Fig. 7 study

Detailed design procedure for the Hull of the FPSO in this

Pre-design step of Hull Basic Drawings and Analysis The pre-design steps are the same as P&ID procedure which was mentioned above. - Specification incorporation - FEED clarification - Incorporation of lessons learned from previous project Hull Scantling & Strength Analysis In the basic design process from IFR to IFC, the priority tasks are longitudinal scantling and strength analysis of the main hull. The computer calculation programs can be used with various input data and usage factors in order to optimize the longitudinal scantling. Before and after this procedure, UFR and topside engineering coordinators should communicate frequently with one another and share their engineering ideas, including the interface data and loads, in order to achieve a successful design without delay. The basic design procedures for the hull scantling & strength analysis are as follows; * Hull Key Plan Drawing and Calculation - Midship section (cargo hold structure) drawing and calculation - Construction profile drawing and calculation - Shell expansion drawing and calculation - Key section of aft end structure drawing and calculation - Key section of fore end structure drawing and calculation - Hull deflection calculation - Weight calculation * Appurtenance Key Drawing - Mooring protection structure - Hull side caisson & support - Riser & umbilical support - Topside module support - Flare tower foundations - Mooring equipment foundations - Riser & umbilical installation aids supports - Pipe rack support structure - Loading/offloading support - Export lines supports - Crane pedestals & foundations - Crew boat berthing structure - Towing bracket support

Detailed Design Procedure of the Hull Structure & Appurtenance Supports of the FPSO and Main Activities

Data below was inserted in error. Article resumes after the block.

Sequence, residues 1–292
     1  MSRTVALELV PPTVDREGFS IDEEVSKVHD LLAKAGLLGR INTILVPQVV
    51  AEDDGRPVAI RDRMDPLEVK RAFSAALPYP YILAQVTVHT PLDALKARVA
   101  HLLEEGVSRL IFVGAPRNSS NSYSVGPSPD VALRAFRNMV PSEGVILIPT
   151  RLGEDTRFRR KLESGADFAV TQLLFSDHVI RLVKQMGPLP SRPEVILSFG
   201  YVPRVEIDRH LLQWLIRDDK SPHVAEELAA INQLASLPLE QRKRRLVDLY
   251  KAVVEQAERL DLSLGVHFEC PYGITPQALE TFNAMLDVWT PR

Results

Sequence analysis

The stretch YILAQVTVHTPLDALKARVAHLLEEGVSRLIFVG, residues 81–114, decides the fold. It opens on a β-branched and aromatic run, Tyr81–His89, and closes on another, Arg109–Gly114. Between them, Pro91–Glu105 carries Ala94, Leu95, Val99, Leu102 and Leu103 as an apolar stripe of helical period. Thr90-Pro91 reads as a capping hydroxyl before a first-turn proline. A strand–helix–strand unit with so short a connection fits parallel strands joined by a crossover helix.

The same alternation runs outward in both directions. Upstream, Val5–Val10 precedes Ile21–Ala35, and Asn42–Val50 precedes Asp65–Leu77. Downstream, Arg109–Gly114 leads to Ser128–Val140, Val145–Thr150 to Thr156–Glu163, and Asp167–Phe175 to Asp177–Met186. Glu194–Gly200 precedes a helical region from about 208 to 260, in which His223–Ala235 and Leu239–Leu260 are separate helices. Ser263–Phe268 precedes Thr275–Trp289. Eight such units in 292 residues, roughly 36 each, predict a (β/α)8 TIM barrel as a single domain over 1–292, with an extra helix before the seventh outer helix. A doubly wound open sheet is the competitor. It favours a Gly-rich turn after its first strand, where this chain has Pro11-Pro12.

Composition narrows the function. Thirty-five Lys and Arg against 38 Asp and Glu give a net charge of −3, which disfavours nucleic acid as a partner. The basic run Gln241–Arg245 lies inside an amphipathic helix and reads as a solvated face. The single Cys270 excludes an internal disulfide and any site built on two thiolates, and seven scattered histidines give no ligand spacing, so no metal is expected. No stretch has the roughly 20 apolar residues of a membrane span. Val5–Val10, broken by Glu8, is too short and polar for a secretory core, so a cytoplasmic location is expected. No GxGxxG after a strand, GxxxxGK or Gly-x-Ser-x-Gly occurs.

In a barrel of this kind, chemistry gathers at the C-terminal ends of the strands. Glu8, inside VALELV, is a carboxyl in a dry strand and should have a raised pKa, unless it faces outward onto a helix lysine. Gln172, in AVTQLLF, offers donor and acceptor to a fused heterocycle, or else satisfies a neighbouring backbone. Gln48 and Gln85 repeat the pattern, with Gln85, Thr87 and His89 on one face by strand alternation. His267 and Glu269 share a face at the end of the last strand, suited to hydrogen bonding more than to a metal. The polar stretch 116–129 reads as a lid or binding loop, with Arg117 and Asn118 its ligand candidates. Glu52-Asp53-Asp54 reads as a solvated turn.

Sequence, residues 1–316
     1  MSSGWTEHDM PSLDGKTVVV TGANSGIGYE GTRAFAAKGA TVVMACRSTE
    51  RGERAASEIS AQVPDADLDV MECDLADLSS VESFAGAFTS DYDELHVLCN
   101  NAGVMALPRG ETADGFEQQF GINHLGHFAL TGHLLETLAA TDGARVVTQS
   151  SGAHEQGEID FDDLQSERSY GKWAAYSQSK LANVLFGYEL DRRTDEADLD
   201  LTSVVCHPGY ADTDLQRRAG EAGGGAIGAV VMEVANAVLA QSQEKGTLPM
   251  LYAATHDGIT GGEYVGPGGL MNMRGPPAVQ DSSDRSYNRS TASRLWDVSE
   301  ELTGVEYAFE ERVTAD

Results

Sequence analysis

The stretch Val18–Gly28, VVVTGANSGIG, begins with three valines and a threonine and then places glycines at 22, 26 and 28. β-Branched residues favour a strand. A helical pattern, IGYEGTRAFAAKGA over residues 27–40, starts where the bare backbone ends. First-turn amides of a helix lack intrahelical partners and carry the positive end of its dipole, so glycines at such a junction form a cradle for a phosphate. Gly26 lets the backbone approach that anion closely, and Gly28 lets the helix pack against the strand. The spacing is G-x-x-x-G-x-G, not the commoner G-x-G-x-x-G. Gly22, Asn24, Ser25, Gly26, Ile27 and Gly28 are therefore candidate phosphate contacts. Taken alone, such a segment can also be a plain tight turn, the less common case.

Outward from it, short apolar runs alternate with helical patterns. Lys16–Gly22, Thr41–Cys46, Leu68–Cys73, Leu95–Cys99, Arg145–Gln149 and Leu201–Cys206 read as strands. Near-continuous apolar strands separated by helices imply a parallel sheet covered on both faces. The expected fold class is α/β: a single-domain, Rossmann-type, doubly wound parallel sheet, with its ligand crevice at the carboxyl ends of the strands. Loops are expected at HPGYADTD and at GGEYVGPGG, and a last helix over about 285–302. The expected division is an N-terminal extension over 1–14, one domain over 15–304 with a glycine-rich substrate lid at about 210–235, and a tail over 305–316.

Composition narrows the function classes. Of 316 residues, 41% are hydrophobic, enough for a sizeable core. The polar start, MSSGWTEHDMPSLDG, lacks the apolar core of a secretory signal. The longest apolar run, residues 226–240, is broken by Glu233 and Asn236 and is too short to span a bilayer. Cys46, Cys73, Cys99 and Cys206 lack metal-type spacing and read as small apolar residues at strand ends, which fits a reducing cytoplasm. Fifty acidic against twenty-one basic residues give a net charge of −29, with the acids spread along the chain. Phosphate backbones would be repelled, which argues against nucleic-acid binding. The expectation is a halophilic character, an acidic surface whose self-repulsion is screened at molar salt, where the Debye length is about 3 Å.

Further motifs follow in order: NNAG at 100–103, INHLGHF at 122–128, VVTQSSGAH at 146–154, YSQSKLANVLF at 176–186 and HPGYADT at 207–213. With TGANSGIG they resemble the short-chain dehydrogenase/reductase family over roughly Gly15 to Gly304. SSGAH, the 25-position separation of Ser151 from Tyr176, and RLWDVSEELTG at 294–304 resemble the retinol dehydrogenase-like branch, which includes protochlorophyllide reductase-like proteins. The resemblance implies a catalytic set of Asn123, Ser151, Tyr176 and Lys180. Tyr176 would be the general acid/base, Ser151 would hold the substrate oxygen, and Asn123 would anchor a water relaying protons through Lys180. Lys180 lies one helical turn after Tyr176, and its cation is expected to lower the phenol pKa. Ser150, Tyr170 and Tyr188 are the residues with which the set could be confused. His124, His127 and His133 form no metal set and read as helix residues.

Hull scantlings are in general based on the two design aspects, load (demand) and strength (capability). All probable loads during the life of the hull are considered for the basic scantling and strength analysis. These loads are applicable in strength formulae and calculation methods where a satisfactory strength level is represented by allowable stresses. Fig. 7 shows the detailed design procedure of the hull structure & Appurtenance supports of the FPSO and main activities of the detailed design. As shown in Fig. 7, the procedures for the design of the hull & appurtenance supports can be divided into four parts mainly as follows:

154

* Strength Analysis for Hull and Appurtenance Supports (a) Main Hull - Design brief for strength analysis - 3D Mid-hold analysis - 3D Aft-hold analysis - 3D Fore-hold analysis - Detail finite element assessment (Longitudinals, Stringers, Web frames) (b) Appurtenance - Design brief for strength analysis - Topside module support (See Figs. 8-9) - Riser and umbilical installation aids supports (See Fig. 10) - Hull side caisson and support - Crane pedestals and foundations - Crew boat berthing structure - Towing bracket support - Flare tower foundations - Mooring equipment foundations - Underwater fairleader, deck and side sheave, stopper, winch - Riser & umbilical support - Pipe rack support structure - Loading/offloading support - Export lines supports - Living quarter and helicopter deck support - Life boats davit and support - Miscellaneous hull appurtenance (See Fig. 11)

Fig. 10. Concept and FEM model for riser & umbilical installation aids supports

Fig. 8. Arrangement of topside module supports

Fig.11. Concept and FEM model for sea water lift pump caisson for towing and onsite Fatigue Assessment for Hull & Appurtenance Supports Fatigue damage was calculated at a range of assumed crack planes to account for worst situations of complex stress.At critical locations, shell elements of size of 2xw x 2xw, where xw is length of the weld toe, were used in structural details to determine the hot spot stresses for fatigue assessment. The wave induced loads and motions in regular waves were determined by using a hydrodynamic program based on linear potential flow theory. The non-linear, non-harmonic process at the mean water-line was modeled so that the additional pressure due to the presence of the wave

Fig. 9. FEM model for topside module supports

155